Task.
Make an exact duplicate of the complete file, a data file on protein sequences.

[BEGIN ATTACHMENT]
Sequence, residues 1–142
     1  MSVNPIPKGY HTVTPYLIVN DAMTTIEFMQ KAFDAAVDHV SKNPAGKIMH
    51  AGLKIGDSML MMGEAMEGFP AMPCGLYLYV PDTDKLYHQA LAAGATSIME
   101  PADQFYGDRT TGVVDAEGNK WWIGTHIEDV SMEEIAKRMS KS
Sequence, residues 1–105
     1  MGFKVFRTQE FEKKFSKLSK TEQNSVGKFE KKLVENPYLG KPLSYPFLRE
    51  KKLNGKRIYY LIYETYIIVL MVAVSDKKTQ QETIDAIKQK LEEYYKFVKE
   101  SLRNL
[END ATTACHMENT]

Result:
Sequence, residues 1–142
     1  MSVNPIPKGY HTVTPYLIVN DAMTTIEFMQ KAFDAAVDHV SKNPAGKIMH
    51  AGLKIGDSML MMGEAMEGFP AMPCGLYLYV PDTDKLYHQA LAAGATSIME
   101  PADQFYGDRT TGVVDAEGNK WWIGTHIEDV SMEEIAKRMS KS
Sequence, residues 1–105
     1  MGFKVFRTQE FEKKFSKLSK TEQNSVGKFE KKLVENPYLG KPLSYPFLRE
    51  KKLNGKRIYY LIYETYIIVL MVAVSDKKTQ QETIDAIKQK LEEYYKFVKE
   101  SLRNL